About Us

We are HOPE AFSCME Local 123

WHERE WE GO ONE WE GO ALL

Individually these words mean very little but together they hold a powerful possibility, a vision. A vision that spread like wildfire through the City of Houston. Conversations in break rooms, in parking lots, at lunch and after work, between co-workers, spouses and friends. In 2005, for the first time city workers were talking about change; real change.

Ignited by a promise and a challenge, thousands of city workers seized the opportunity to be heard. We were overdue for change. Municipal workers had gone almost a decade without an across-the-board wage increase. Several classifications earned no more than the federal minimum wage, qualifying workers for food assistance. Inconsistent disciplinary action was common practice, and the ever changing maze of policies became increasingly difficult to keep up with for far too many of us.

Before 2005, city workers could do precious little to influence how the city was run. Despite our numbers, our impact was nonexistent.  For 169 years, we didn’t have a voice. We didn’t have a unifying mission. We couldn’t harness our collective strength. But one by one, city workers decided it was time for this to change. We stepped forward. We chose HOPE. We chose to believe in more than ourselves, we chose to believe in one another.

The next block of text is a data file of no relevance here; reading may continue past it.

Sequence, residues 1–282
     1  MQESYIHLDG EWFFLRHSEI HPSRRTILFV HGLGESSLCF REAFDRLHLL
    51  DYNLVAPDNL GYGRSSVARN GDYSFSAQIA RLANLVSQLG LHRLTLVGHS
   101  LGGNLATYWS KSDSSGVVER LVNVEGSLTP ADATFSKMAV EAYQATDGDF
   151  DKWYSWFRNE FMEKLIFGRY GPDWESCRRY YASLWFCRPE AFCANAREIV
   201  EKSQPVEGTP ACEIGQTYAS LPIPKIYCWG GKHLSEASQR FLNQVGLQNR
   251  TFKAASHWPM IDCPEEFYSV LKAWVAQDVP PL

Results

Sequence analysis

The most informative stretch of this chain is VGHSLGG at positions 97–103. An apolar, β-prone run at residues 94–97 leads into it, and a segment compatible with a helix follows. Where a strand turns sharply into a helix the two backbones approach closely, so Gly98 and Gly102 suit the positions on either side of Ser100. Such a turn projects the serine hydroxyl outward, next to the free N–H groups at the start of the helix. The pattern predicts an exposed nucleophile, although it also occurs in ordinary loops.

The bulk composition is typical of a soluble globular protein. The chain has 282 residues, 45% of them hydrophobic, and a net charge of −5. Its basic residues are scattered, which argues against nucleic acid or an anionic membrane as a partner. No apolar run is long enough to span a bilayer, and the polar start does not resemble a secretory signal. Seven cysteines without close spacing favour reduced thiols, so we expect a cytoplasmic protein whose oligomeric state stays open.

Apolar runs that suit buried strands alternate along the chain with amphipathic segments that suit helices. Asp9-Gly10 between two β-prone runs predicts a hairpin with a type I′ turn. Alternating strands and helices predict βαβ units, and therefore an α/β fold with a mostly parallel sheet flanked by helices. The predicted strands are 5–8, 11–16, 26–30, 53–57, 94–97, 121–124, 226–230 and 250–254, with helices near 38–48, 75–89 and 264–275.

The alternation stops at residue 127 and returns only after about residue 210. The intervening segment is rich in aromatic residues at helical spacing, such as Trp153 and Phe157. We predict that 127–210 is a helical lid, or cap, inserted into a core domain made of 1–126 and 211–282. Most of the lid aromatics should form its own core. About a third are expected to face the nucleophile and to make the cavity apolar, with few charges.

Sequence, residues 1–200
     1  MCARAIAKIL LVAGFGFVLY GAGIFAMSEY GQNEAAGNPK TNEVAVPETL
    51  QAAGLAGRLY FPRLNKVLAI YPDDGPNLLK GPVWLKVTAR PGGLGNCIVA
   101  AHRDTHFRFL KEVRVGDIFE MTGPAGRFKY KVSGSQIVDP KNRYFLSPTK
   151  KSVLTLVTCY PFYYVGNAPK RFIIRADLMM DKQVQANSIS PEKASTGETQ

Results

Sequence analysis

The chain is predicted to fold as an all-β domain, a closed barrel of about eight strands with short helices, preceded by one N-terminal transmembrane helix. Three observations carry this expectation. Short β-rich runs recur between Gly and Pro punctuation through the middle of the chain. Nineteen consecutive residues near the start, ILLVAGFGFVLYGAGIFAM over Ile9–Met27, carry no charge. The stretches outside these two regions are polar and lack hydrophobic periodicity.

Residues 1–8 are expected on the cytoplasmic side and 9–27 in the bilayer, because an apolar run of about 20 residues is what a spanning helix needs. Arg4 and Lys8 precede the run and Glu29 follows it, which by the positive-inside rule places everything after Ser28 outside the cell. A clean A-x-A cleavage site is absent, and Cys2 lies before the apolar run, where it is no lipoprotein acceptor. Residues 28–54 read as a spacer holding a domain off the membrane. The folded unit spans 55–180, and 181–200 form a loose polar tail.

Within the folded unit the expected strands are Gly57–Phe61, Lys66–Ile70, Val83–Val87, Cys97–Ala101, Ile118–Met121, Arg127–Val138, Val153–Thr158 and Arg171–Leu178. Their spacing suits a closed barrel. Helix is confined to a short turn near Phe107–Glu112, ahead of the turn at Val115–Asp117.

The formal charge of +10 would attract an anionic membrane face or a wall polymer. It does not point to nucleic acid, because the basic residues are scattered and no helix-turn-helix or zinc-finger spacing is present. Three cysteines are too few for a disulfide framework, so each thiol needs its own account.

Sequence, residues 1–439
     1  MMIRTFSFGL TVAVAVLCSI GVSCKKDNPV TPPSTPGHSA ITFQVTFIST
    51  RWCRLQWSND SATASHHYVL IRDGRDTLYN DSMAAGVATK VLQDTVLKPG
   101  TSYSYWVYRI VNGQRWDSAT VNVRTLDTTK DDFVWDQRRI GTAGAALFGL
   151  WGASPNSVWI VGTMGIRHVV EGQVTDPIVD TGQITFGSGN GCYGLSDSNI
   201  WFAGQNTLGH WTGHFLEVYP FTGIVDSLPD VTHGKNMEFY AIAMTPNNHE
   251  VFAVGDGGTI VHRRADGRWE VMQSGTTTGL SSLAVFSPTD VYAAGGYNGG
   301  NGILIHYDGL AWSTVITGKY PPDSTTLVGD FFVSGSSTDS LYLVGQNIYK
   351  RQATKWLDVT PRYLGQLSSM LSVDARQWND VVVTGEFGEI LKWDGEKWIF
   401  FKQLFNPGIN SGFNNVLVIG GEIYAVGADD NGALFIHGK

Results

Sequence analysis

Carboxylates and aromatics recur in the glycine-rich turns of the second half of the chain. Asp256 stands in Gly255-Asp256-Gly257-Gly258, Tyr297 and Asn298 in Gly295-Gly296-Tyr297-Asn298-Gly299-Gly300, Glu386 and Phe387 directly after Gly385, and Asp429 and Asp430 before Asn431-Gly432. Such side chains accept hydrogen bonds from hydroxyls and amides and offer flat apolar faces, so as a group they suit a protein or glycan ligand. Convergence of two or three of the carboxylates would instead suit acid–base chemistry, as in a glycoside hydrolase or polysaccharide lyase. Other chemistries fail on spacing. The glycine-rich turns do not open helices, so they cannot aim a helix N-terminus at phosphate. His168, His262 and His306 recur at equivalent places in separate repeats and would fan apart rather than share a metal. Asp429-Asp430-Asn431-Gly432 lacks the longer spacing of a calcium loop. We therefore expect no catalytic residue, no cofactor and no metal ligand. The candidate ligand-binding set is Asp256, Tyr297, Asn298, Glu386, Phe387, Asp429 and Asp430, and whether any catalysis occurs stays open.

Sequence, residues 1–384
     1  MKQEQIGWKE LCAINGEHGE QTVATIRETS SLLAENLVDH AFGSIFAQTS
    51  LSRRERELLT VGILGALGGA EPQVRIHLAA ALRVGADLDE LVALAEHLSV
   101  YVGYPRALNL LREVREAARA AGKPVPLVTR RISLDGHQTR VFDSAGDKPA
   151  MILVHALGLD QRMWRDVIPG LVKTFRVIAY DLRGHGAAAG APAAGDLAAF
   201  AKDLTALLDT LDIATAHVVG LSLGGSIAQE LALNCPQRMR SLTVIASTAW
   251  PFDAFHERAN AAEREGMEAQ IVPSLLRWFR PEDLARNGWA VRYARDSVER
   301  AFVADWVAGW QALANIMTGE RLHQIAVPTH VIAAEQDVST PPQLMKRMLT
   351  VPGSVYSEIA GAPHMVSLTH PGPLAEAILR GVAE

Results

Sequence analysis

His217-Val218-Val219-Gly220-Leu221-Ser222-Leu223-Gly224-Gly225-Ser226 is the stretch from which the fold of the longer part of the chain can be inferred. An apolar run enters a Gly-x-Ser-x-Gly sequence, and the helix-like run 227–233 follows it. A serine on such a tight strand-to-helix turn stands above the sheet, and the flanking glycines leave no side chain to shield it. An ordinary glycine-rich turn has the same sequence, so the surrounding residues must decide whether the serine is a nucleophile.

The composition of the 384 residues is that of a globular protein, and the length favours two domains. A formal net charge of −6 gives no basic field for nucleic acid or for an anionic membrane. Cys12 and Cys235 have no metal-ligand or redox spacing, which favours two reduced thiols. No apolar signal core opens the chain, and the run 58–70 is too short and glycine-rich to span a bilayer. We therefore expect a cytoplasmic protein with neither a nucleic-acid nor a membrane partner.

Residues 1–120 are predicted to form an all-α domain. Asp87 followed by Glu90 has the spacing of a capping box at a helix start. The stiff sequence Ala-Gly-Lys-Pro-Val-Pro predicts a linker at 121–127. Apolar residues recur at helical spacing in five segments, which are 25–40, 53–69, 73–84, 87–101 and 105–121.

WHERE WE GO ONE WE GO ALL

It’s the belief in one another–in each and every single worker at the city of Houston–that turned our vision into a reality.  It provided the strength to push through the three petition drives needed to form HOPE Local 123. It guided the efforts of our Committee for the Future as they drafted the constitution and bylaws that govern HOPE Local 123 to this day. It emboldened HOPE members to seek to raise the minimum base wage for city of Houston employees to $10 per hour as part of the first labor agreement.

Our willingness to believe in one another has changed the culture of the city of Houston. City workers are getting respect that is overdue and much deserved. No doubt there have been setbacks.  Yet even in the midst of that challenge, HOPE members succeeded in changing the public’s perception of city workers. We became partners, working with taxpayers to make Houston a better place to live, work, invest, learn and play. We proved that city workers have the know-how and commitment to make city government efficient, effective and fair.The future holds countless challenges. At HOPE, we have learned that together we can achieve what none of us can accomplish alone. We will continue to stand firm on the American promise that all workers can thrive. 

Officers

President
Vice President
Executive Board with President Hughes and Vice President Talley